Lesson for Trump in HK: try to bounce China at your peril

14-Dec-2016 Intellasia | FT | 6:00 AM Print This Post

CY Leung’s bitter experience illustrates diplomatic difficulties facing US president-elect

CY Leung’s decision not to seek a second term as Hong Kong’s chief executive is a disappointing denouement for a man who once seemed uniquely qualified to bridge the divide between his free, open city and China’s Communist rulers.

His failure to be that bridge also highlights an important lesson for Donald Trump as the US president-elect threatens to turn diplomatic precedent with Beijing upside down. Just nine days after accepting a congratulatory phone call from Taiwan’s president, Tsai Ying-wen, Trump has publicly mulled whether he should be bound by the “One China” policy that has been a decades-long feature of the Sino-US relationship.

The lesson for Trump is this: you try to push Beijing across its own “red lines” at your peril.

Years before he became chief executive in 2012, Leung would tell international visitors that if they wanted to see the real Hong Kong, they needed to stray far beyond the territory’s globally famous business and tourist districts.

He advised them to ride a tram eastward along King’s Road to Shau Kei Wan. Only that way could they begin to understand the cramped conditions in which most people lived in what is ostensibly one of the world’s richest cities, at least as measured by per capita gross domestic product.

Leung could rattle off the income disparity statistics that made a nonsense of Hong Kong’s impressive per capita GDP and was fully versed in the monopoly dynamics that belied perennial assertions that the territory was the world’s “freest economy”.

In addition to his understanding of the socio-economic divisions fuelling Hong Kong’s increasingly divisive and paralysed political scene, the chief executive-in-waiting was a long-time Beijing loyalist with unique insight into the inner workings of the Communist party.

According to people close to him, Leung would in private conversations emphasize the Communist party’s preference for “zero risk” outcomes. Convincing Beijing to accept more risk than it was comfortable with was always his biggest challenge, especially in the context of Hong Kong’s political development.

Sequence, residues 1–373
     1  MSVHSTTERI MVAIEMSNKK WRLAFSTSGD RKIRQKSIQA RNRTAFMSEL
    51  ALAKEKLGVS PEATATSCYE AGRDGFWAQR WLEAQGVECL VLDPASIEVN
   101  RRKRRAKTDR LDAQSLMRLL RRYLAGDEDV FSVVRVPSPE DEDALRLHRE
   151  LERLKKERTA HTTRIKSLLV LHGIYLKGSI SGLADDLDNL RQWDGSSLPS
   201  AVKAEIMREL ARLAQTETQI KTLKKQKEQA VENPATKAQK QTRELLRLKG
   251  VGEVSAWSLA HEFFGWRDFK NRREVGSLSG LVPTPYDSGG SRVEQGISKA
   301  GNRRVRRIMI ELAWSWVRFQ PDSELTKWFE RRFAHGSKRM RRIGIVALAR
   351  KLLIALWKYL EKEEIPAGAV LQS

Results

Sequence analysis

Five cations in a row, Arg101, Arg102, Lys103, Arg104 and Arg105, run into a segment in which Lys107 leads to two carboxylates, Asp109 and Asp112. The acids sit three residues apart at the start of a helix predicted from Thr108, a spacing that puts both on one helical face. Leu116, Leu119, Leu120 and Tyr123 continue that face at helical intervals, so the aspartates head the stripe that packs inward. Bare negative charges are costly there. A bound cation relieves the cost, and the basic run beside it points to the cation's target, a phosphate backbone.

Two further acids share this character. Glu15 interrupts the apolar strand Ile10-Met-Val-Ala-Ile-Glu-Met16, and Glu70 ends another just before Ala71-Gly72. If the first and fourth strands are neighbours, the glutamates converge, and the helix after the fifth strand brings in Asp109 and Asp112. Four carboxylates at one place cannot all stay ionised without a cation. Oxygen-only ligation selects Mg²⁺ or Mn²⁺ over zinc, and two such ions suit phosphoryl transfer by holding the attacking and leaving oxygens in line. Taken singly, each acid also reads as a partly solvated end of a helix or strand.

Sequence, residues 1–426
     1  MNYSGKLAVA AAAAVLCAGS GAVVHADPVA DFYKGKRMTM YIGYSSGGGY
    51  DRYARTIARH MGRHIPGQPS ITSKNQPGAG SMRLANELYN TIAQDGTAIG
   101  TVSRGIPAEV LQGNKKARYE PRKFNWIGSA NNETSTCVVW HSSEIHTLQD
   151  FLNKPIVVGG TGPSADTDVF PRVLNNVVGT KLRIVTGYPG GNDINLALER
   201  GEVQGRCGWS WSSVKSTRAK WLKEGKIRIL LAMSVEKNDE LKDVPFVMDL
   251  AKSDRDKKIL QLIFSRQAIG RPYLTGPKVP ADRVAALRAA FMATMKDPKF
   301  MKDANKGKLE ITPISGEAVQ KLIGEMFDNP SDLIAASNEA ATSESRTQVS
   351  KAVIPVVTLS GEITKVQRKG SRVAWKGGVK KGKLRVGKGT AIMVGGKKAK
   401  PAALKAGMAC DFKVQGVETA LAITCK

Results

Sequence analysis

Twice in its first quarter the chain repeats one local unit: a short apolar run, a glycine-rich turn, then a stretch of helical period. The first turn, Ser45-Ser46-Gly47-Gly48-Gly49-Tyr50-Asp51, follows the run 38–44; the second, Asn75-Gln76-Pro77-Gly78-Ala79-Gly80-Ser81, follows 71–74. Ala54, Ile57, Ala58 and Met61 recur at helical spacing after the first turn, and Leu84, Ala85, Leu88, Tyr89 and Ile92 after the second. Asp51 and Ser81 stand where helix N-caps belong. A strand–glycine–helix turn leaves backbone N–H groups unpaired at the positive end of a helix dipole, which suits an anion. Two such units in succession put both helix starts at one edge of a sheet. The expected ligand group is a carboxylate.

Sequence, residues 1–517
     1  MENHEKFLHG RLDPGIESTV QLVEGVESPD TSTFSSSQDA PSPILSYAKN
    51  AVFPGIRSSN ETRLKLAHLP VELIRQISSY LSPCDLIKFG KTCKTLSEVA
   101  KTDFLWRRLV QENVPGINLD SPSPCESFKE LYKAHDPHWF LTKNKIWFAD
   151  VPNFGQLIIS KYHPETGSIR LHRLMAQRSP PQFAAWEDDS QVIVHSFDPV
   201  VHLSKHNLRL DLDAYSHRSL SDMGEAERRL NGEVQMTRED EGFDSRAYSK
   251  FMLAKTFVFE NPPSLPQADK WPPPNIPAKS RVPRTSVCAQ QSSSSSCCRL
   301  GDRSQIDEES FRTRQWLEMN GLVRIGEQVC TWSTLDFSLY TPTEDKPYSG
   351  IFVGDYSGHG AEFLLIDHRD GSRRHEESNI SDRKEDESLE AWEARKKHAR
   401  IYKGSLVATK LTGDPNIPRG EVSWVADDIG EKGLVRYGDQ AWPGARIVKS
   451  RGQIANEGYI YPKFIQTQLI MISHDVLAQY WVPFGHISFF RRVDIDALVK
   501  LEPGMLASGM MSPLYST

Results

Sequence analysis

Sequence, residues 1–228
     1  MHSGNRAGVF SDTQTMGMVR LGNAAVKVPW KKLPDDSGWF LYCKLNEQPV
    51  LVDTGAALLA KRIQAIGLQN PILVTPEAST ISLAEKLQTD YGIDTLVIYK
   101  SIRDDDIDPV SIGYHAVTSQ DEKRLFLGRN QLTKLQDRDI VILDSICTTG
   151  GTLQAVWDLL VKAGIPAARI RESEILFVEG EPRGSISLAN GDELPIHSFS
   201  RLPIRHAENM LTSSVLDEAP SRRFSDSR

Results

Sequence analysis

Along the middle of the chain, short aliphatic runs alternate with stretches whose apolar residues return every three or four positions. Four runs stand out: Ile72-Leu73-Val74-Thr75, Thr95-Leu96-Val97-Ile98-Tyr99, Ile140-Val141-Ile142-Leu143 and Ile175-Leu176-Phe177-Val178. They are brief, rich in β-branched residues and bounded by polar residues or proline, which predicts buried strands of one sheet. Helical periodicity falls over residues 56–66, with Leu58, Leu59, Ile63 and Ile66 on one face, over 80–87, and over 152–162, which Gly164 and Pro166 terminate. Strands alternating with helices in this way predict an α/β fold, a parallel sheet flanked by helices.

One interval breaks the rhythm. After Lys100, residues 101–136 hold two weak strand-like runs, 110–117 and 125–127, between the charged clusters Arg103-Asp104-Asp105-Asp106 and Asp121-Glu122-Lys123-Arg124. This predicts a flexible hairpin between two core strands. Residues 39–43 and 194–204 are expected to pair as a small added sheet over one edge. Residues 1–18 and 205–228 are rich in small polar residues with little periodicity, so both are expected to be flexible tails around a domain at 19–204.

Leung and his two predecessors were selected by a 1,200-member “election committee” dominated by pro-Beijing figures. The Chinese government agreed to a plan for Hong Kong’s chief executive to be popularly elected in 2017, while insisting that the final candidates first be approved by the committee.

It was a remarkable gift from Leung to Hong Kong’s pro-democracy camp, which had long distrusted him because of his close ties to Beijing. Leung was offering Hong Kong’s registered voters the power to sack him.

But the landmark reform was vetoed by pro-democracy legislators who objected to the election committee vetting mechanism. They essentially said: “If Beijing does not give us everything we want right now, we will reject a compromise that moves us much closer to our final objective.”

Hong Kong’s democrats are, in short, well intentioned men and women of principle, but also tactically inept. Beijing refused their ultimatum and the reform died, meaning that Leung’s successor will be chosen by the election committee as well. The stalemate also sparked the “Occupy Central” protests of 2014 that marked the beginning of the end of Leung’s political career.

Trump seems to believe that he can succeed where Hong Kong’s democrats did not, by forcing Beijing to cross a red line it has said it will never cross. It is true that the US has a lot more leverage over Beijing than Hong Kong does, but recovering Taiwan is also a far more important priority for the Communist party than Hong Kong’s constitutional development.

The US president-elect has indicated that Beijing’s One China policy is a bluff that he can call in return for concessions on other fronts, from trade policy to containment of nuclear North Korea. If Trump needs a second opinion on just how wrong he is, he need only pick up the phone and ring Leung.

https://www.ft.com/content/901ca766-c038-11e6-9bca-2b93a6856354

 


Category: Hong Kong

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